Japan’s government has reportedly made the decision to release more than 1 million tonnes of contaminated water from the Fukushima Daiichi nuclear power plant into the sea.
Domestic media reports said the controversial plan to release the water would begin in 2022 at the earliest.
The release would take decades to complete.
The contaminated water is being stored in more than 1,000 tanks that are hitting full capacity.
An official decision could come by the end of the month, ending years of debate over what to do with the water.
The other options mooted included evaporation or the construction of more storage tanks at other sites.
However, the Japanese government has indicated for a while now that it prefers releasing the contaminated water into the nearby Pacific.
Rate of increase of contaminated water
As of September 2020, 1.23 million tonnes of water were being stored in 1,044 tanks.
The amount of waste water increases by 170 tonnes a day.
The water becomes contaminated when it mixes with water used to prevent the three damaged reactor cores from melting.
Space running out in 2 years
Pressure to decide the water’s fate has been building.
Storage space on the nuclear plant site is running out.
The plant’s operator, Tokyo Electric Power (Tepco), estimates that all of the available tanks will be full by the summer of 2022.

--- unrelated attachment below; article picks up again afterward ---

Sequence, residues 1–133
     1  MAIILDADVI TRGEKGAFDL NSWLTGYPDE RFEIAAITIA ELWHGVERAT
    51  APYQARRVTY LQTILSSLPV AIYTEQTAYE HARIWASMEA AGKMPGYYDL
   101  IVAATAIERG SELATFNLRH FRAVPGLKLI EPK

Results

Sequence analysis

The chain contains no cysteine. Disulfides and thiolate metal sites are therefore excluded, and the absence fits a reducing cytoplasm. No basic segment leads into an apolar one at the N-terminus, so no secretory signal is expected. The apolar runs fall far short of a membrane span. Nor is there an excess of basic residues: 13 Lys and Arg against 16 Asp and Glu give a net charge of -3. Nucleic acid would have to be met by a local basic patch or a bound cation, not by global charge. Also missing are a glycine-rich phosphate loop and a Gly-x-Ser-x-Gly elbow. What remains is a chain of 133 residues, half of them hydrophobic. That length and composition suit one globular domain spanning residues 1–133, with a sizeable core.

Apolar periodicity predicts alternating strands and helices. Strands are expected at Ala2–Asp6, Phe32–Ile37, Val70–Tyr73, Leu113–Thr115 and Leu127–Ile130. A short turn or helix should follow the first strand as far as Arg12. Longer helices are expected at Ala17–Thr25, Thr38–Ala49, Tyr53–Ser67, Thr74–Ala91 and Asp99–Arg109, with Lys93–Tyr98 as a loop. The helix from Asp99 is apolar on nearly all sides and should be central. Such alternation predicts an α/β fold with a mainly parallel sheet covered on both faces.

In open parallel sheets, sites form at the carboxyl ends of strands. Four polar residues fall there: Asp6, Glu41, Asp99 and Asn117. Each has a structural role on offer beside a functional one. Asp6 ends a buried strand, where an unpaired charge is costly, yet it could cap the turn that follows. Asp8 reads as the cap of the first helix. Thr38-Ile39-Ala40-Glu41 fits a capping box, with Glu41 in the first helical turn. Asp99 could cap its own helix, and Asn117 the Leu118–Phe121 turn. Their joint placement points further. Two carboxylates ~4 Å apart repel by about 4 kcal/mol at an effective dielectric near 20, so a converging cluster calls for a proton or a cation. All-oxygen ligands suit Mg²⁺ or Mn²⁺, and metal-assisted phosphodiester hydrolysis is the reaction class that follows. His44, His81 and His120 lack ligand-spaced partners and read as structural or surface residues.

What is the contaminant?
Tepco’s Advanced Liquid Processing System removes highly radioactive substances from the water.
But the system is unable to filter out tritium.
Tritium is a radioactive isotope of hydrogen that nuclear power plants routinely dilute and dump along with water into the ocean.
The government was advised by a panel of experts earlier in 2020 that releasing the water was among the most “realistic options”.
Experts say tritium is only harmful to humans in very large doses.
The International Atomic Energy Agency also said it is possible to dilute filtered waste water with seawater before it is released into the ocean.
The water at Fukushima Daiichi will be diluted inside the plant before it is released so that it is 40 times less concentrated.
This whole process will take 30 years, according to the Yomiuri Shimbun newspaper.
Opposition to release
Local fishermen in Japan are strongly opposed to the plan as it will destroy their livelihood.
They say it will undo years of work rebuilding their industry’s reputation since the plant was badly damaged by a massive tsunami in March 2011.
In response, the government has said it will promote Fukushima produce and address concerns among fishermen that consumers will shun their seafood once the water is released.
Environmental groups also oppose the move.
Neighbouring South Korea has repeatedly voiced concern, claiming that discharging the water represented a ”grave threat” to the marine environment.
South Korea still bans seafood imports from the region.
Top photo of damaged Fukushima nuclear plant via Wikipedia